Sticks’n’Sushi and People Like Us: It’s time to bring social action to the table

The danish socio-innovative microbrewery People Like Us and Sticks’n’Sushi, are happy to announce an alternative collaboration: Wise Monkeys – a fresh pilsner with shiso, developed specifically for Sticks’n’Sushi’s Japanese cuisine – is not only meant to satisfy the taste buds. This beer is also an example on how it doesn’t have to be rocket science and overly complicated to take social action and make a difference. 

Wise Monkeys – a pilsner with shiso – is the new People Like Us beer to be found at all Danish Sticks’n’Sushi restaurants.

“What’s buzzing on the Danish upcoming beer scene right now?”

Sticks’n’Sushi are always curious to optimize and develop their product line and were looking for a brewery to brew them a new Beer of the House.

Therefore they were suggested by Mikkeller to contact People Like Us; a meeting that a couple of months later resulted in Wise Monkeys – a brand new pilsner with shiso, a Japanse herb with a fresh lemon taste.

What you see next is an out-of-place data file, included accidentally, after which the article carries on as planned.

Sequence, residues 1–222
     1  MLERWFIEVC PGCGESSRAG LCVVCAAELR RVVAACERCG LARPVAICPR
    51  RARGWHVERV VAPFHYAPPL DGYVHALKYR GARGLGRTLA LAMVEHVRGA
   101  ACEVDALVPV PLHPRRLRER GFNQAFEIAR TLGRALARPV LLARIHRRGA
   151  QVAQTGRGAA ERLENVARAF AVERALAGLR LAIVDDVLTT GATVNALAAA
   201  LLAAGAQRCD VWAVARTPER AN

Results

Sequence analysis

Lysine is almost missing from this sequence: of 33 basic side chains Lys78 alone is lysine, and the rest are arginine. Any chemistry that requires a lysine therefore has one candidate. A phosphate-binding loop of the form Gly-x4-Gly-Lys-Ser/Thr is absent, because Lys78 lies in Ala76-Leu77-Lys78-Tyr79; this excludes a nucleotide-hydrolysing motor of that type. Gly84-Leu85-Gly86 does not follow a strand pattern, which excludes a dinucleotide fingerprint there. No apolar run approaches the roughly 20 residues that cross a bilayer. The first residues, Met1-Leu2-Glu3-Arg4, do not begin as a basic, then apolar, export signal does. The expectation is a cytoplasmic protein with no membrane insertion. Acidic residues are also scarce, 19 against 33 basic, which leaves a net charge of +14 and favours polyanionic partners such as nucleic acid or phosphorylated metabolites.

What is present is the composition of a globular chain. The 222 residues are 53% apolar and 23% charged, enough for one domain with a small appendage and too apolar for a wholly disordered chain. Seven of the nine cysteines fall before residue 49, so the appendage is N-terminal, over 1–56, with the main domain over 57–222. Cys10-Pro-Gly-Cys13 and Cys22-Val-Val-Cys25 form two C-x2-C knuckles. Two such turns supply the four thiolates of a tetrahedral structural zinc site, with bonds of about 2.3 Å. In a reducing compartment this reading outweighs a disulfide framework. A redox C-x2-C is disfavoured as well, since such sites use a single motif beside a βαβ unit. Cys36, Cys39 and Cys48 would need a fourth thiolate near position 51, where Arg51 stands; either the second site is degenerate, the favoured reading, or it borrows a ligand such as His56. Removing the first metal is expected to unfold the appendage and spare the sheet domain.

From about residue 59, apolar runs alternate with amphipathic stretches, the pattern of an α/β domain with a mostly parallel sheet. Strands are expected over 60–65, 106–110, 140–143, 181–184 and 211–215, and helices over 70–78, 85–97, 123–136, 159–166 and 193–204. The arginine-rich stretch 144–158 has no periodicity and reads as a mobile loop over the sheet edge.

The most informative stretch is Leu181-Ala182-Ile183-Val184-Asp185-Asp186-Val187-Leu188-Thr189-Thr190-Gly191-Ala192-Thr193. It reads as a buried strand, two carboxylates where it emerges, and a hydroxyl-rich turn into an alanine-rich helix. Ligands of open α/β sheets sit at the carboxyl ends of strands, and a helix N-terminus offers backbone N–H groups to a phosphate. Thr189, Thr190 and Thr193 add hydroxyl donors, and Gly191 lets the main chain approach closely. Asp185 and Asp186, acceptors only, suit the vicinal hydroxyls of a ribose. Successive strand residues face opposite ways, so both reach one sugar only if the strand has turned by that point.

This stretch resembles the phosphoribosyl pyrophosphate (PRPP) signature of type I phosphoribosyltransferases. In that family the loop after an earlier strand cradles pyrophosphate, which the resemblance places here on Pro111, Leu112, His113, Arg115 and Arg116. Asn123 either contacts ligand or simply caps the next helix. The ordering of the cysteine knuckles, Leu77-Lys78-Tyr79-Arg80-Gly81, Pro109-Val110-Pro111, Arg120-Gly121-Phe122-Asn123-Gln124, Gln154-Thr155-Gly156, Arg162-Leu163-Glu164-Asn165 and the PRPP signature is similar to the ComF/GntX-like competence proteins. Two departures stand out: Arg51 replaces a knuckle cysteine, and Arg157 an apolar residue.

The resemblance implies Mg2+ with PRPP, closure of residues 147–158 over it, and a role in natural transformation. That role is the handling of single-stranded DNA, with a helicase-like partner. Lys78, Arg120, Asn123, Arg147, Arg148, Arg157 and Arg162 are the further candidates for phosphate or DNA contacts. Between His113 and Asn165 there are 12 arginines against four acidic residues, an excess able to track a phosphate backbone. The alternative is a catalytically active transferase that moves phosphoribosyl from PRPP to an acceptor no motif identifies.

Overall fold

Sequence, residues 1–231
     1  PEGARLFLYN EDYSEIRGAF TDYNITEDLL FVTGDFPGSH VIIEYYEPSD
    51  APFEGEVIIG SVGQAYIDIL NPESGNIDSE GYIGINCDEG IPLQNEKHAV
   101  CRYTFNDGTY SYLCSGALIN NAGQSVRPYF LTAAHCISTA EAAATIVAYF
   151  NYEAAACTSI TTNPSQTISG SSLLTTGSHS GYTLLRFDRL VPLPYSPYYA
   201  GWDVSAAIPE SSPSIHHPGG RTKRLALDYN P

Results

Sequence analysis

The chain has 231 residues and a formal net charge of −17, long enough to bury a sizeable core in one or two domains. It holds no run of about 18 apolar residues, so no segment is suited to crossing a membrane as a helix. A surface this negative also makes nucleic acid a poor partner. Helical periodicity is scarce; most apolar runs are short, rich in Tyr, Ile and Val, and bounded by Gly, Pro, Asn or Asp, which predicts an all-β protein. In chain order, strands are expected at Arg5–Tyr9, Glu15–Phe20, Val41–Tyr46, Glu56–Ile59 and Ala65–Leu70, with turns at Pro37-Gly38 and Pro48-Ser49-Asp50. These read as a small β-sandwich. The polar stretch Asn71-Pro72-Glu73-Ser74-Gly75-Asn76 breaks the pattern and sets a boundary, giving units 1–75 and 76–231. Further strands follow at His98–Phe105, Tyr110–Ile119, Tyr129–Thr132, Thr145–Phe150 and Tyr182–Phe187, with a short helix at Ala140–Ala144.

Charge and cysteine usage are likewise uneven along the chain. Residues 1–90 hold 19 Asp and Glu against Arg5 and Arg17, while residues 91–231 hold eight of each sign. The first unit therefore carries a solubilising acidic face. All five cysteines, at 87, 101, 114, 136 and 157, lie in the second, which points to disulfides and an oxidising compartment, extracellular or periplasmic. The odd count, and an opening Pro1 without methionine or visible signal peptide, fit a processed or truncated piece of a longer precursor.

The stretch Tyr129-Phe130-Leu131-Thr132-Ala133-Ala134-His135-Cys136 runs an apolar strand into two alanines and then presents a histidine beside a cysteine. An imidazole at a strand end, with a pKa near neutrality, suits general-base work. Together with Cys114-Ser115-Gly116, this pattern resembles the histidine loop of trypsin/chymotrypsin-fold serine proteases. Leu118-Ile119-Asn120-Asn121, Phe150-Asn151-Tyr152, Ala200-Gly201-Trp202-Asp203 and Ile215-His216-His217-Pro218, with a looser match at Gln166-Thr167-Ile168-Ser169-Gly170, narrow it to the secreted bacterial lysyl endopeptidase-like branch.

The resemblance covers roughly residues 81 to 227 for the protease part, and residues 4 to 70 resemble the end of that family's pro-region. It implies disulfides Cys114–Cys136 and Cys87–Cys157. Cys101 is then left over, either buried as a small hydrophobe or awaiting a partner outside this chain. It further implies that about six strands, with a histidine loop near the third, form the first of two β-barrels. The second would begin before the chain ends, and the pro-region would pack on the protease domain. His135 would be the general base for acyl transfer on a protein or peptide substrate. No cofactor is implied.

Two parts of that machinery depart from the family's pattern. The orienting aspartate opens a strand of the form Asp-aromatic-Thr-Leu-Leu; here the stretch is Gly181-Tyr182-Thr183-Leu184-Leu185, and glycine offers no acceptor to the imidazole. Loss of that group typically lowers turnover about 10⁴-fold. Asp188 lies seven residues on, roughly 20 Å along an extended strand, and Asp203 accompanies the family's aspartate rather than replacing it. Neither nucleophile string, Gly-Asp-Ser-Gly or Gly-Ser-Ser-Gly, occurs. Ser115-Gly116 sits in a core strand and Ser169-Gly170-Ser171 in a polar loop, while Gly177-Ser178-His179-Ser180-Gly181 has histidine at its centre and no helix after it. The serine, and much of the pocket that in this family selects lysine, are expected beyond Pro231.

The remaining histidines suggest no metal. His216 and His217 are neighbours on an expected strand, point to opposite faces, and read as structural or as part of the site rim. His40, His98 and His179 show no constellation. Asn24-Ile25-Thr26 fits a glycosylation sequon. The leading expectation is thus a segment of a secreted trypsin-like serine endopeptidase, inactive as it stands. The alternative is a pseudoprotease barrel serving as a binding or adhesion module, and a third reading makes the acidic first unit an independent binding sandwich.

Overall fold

Besides brewing a good product for a company selling good products, this beer also came to be an example on new ways of taking social action.

Social responsibility is not just for NGO’s

People Like Us is run and developed by people from socially marginalized groups on a mission to brew great beer, create a lot of jobs for people outside the labour market, and to challenge the societal preconceptions of normality and communities.

Sticks’n’Sushi are born out of the joy of seeing how a small idea and a clear culture can engage and feed more and more people, and how different nationalities can stand side by side and enrich each other.

So even though our products are different, our visions are alike: We believe in high quality products and in the asset of embracing cultural and human diversity.

Founder and Owner of People Like Us, Lars Carlsen, says:

“I associate Sticks’n’Sushi with quality and development. That’s why we’re very proud to work together with people of that league. It’s not often that small businesses get the opportunity to work together with great and solid brands, such as in our case with Sticks’n’Sushi. And that’s a shame. Because it is when larger brands dare to go untraditional ways that new kinds of collaborations and ways of approaching business can develop. Social responsibility is not just for NGO’s or small human-centered businesses. It should be common sense to every single business”

Combining products and social engagement